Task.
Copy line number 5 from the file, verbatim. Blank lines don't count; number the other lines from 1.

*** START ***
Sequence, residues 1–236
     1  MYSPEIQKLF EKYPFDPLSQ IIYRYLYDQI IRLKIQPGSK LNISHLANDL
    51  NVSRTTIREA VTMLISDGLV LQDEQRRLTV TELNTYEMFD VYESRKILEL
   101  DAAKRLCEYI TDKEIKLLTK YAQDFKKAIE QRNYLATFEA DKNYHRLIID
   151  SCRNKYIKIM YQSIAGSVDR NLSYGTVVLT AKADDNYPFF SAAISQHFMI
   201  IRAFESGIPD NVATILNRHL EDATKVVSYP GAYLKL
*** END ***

   151  SCRNKYIKIM YQSIAGSVDR NLSYGTVVLT AKADDNYPFF SAAISQHFMI